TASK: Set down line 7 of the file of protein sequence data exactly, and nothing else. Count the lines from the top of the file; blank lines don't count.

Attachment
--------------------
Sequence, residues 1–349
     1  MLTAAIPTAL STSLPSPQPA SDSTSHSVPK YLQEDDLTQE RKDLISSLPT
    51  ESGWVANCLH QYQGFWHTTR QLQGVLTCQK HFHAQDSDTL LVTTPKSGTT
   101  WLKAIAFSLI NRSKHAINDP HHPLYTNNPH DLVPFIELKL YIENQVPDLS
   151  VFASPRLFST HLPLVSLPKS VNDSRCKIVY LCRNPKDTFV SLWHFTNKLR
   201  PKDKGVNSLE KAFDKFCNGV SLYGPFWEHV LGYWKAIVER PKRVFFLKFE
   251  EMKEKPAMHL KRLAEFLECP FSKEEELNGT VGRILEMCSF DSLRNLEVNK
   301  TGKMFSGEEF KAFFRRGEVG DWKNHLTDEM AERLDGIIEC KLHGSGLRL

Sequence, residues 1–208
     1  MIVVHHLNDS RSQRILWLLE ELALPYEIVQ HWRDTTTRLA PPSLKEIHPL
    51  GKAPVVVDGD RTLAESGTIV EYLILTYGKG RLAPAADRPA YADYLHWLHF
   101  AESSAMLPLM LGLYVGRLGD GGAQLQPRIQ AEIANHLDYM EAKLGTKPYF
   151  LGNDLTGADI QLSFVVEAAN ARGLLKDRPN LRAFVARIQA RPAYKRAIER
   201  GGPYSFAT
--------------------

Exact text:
   251  EMKEKPAMHL KRLAEFLECP FSKEEELNGT VGRILEMCSF DSLRNLEVNK